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    Pretty sure that's what we've had for some time.
  9. KronoGator
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    KronoGator Well-Known Member

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    Guess I should have been more clear.

    What I am in favor of is 4 seasons of games but you can spread it over 5 years, an example is a kid who plays in the four blow out games as a true freshman will only have to miss 4 games in the following 4 years instead of having the entire season flushed.
  10. og8trz
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    og8trz VIP Member

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    Title IX is a federal issue that the NCAA just enforces. Withdrawal from the NCAA won't release schools from comliance with that law.
  11. fphingator
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    fphingator New Member

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    Don't like it. Turn over is what makes college special to me.
  12. GatorSean
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    GatorSean Well-Known Member

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    Title X is a federal law... I'm not sure the NCAA has much to do with it, unless the law is written in a way that it only applies to NCAA member schools. But even if that was the case, they would just change the law to apply to the non-ncaa sports then.
  13. AFCyberGator
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    I would go further and require that players cannot be drafted without a diploma, that they get four years of football and school in five years, and that they get one transfer without penalty. If a player cannot get a 4-year diploma in five years, then that player would have to go in as an undrafted free agent. Finally, I would require schools to provide ACA-compliant health care to the players, but with additional emphasis and benefits on sports-related injuries.
  14. theghost
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    theghost Well-Known Member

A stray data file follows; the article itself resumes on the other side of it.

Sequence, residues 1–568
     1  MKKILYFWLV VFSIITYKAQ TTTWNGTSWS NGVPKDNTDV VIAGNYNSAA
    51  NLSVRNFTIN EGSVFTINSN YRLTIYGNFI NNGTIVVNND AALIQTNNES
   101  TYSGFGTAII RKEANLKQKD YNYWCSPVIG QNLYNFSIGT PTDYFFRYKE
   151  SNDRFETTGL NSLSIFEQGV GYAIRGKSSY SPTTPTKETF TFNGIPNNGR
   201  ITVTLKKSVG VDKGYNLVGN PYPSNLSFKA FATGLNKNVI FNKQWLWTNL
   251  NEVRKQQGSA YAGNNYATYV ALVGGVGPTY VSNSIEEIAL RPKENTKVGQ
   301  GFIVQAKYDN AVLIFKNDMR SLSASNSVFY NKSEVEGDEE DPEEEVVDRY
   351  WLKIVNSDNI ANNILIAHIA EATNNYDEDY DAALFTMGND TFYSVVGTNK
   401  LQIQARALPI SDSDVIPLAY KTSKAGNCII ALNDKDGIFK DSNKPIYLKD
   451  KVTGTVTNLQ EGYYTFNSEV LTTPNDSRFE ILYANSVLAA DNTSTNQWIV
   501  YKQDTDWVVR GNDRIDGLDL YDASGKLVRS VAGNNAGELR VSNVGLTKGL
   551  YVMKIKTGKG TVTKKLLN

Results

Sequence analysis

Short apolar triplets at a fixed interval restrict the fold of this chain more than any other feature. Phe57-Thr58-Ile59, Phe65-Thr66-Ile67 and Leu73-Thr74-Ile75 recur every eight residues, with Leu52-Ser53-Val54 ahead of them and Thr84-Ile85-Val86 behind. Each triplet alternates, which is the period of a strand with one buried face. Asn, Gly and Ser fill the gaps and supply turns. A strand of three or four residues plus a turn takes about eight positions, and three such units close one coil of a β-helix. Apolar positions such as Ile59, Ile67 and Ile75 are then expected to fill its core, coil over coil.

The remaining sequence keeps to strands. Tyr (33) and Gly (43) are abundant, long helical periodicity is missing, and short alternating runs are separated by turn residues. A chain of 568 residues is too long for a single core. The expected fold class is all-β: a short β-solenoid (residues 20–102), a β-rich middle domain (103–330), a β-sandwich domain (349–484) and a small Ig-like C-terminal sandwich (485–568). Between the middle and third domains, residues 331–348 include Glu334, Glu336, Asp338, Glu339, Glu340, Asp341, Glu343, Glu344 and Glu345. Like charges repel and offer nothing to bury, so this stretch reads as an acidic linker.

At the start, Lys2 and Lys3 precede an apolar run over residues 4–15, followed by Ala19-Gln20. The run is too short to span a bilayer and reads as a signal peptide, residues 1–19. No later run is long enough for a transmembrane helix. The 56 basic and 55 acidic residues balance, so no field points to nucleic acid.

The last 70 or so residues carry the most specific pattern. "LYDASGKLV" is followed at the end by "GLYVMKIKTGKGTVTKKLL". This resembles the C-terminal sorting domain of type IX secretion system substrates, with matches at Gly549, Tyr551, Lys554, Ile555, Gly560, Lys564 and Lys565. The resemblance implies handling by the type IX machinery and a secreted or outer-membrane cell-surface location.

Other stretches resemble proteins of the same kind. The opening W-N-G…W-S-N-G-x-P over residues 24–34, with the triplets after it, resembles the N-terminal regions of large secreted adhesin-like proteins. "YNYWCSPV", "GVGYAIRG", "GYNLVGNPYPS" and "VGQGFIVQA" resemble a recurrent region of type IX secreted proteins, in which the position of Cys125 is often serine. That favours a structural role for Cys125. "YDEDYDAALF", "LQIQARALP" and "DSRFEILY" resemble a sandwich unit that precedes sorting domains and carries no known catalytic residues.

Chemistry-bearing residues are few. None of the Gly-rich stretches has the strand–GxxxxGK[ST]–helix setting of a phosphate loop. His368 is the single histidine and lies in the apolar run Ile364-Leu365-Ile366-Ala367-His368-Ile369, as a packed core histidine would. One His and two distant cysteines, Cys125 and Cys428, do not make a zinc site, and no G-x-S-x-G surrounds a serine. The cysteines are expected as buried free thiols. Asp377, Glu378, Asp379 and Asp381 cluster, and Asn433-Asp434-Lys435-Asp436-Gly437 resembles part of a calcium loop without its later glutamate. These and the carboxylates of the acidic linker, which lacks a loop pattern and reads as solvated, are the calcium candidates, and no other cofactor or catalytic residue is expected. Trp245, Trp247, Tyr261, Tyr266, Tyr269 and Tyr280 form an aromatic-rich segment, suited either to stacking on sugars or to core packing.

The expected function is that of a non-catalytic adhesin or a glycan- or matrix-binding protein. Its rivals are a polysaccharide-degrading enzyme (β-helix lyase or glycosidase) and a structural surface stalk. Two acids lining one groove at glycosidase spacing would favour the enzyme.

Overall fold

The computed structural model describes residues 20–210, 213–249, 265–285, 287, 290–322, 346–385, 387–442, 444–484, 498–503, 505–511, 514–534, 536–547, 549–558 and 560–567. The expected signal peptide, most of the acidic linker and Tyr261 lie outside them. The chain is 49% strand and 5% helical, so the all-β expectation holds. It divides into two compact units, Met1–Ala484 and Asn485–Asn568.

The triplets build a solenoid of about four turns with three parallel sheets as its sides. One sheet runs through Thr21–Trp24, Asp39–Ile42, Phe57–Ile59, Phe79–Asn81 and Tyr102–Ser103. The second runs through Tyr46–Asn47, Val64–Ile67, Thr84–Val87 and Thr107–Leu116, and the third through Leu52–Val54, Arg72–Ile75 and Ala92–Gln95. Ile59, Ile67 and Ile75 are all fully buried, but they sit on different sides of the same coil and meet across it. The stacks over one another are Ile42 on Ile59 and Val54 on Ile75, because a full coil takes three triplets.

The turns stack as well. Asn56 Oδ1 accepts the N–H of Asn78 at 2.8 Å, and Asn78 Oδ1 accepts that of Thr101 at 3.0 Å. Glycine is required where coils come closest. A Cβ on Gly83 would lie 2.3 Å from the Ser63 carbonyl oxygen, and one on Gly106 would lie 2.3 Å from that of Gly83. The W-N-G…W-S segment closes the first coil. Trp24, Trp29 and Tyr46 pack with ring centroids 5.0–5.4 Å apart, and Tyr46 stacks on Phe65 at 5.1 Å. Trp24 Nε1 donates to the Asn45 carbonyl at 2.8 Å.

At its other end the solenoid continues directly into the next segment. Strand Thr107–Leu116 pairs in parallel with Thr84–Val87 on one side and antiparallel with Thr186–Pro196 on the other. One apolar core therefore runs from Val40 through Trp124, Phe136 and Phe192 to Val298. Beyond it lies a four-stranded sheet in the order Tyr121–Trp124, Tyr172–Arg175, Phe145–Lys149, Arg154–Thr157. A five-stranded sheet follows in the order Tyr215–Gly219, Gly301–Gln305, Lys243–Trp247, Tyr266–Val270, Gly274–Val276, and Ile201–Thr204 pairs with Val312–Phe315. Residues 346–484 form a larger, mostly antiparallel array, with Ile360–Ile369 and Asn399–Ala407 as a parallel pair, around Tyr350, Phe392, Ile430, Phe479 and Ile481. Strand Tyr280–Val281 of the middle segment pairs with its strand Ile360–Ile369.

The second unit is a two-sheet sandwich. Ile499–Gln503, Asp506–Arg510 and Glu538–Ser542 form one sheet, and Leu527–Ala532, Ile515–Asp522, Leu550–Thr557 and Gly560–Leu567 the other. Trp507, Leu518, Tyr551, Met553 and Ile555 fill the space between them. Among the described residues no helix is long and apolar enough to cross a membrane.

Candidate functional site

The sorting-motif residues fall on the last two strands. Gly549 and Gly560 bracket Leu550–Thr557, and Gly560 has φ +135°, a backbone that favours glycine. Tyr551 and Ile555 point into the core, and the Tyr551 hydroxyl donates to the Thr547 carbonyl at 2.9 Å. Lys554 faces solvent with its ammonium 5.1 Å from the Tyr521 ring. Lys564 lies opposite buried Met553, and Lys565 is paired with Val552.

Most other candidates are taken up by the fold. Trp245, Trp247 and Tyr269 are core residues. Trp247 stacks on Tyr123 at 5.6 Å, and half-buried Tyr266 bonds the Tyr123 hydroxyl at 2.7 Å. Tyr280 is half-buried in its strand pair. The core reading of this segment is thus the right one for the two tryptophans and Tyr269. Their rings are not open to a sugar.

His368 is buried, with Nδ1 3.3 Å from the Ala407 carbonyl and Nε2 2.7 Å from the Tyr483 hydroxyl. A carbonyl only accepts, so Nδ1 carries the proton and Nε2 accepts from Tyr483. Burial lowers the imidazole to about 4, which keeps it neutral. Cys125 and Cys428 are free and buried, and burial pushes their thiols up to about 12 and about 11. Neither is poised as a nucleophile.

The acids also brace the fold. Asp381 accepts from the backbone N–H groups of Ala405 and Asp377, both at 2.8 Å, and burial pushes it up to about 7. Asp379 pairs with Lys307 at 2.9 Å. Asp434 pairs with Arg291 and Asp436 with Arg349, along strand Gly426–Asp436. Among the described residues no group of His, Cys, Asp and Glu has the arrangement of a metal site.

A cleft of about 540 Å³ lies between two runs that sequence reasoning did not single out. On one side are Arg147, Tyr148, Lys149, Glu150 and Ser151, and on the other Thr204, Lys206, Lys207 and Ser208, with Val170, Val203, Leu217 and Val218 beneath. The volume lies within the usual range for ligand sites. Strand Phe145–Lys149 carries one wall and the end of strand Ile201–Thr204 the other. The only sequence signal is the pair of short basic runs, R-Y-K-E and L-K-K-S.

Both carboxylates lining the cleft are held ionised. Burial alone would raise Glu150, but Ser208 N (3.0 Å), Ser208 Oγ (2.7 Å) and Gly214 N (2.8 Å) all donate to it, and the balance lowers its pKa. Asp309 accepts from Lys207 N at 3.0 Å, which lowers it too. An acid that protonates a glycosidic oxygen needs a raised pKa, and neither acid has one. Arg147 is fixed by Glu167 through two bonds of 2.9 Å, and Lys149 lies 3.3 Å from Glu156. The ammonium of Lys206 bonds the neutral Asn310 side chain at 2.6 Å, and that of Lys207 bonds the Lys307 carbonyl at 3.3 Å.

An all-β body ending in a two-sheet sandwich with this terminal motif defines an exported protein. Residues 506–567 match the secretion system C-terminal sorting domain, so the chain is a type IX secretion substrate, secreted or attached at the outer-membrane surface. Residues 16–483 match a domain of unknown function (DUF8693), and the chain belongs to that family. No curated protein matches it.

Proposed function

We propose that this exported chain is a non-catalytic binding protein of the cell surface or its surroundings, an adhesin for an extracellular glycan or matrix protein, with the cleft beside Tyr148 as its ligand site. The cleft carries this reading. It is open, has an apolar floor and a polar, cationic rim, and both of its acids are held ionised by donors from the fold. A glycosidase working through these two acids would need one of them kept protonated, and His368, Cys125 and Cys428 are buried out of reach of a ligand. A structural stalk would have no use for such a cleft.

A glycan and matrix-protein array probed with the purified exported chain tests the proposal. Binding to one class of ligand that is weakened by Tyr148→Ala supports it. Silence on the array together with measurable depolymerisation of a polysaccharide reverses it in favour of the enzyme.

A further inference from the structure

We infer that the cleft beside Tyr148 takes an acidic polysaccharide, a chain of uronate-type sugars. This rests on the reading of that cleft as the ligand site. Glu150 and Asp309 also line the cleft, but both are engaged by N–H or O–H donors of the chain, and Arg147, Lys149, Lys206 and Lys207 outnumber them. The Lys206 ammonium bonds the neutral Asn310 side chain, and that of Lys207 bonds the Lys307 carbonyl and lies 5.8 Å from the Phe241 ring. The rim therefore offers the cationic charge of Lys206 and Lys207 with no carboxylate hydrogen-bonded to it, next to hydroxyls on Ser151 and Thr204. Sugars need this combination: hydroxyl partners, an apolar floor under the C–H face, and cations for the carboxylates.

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    The ncaa has nothing to do with the NFL Draft. The NFL sets that policy. Just like the NBA sets theirs.
  15. AFCyberGator
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    That is true today, but there is always room for improvement by thinking outside the box.

    The NCAA is free to make rules on its end without waiting on NFL lawyers crafting matching rules, or the NBA. I have seen quite a few proposals that make sense. The better ones put the onus of responsibility on the NCAA, since the NBA and NFL do not have legal responsibility over players not under contract.
  16. WARGATOR
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    The really good players leave after 3. Those that have had a slow development or injury go 4. Those who go for 5 years are either prone to injury or not NFL material.
    Playing 5 years in College should be out of the question unless a year is lost to injury. Playing 4 years in 5 or even 6 if 2 years are lost to injury as it is now is fine with me. 2 or 3 games are already considered as not playing.
  17. Spurffelbow833
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    Within reason, yes. Meaning four years, like it was meant to be from the start. There's nothing special about the NFL picking off the best players a year and sometimes two early. The best players make most of their contribution to a program while inexperienced now, then play not to get hurt their junior or redshirt sophomore year. We just had two of our best DB's throw away their last year of eligibility for NOTHING.
  18. theghost
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    theghost Well-Known Member

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    AFC, employment laws will trump anything the ncaa would attempt to pass. The ncaa could request to meet with the NFL and create a new policy. But the NFLPA would win an employment/employee rights battle.
  19. OaktownGator
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    OaktownGator Well-Known Member

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    Agree.... the NCAA trying to force kids to stay in school for football would be no different than forcing them to stay in school rather than enter the workforce in any other area of business... sorry Bill Gates, you can't drop out and start MicroSoft. Don't think that will fly.

    I think the govt could pressure the NFL to adopt rules it thinks are best for the kids involved and for the education system. I think the current NFL rules are fine, though. Three years in school is enough to make a decision. Most of these guys thinking they should come out early just need better advice and need to listen to that advice realistically.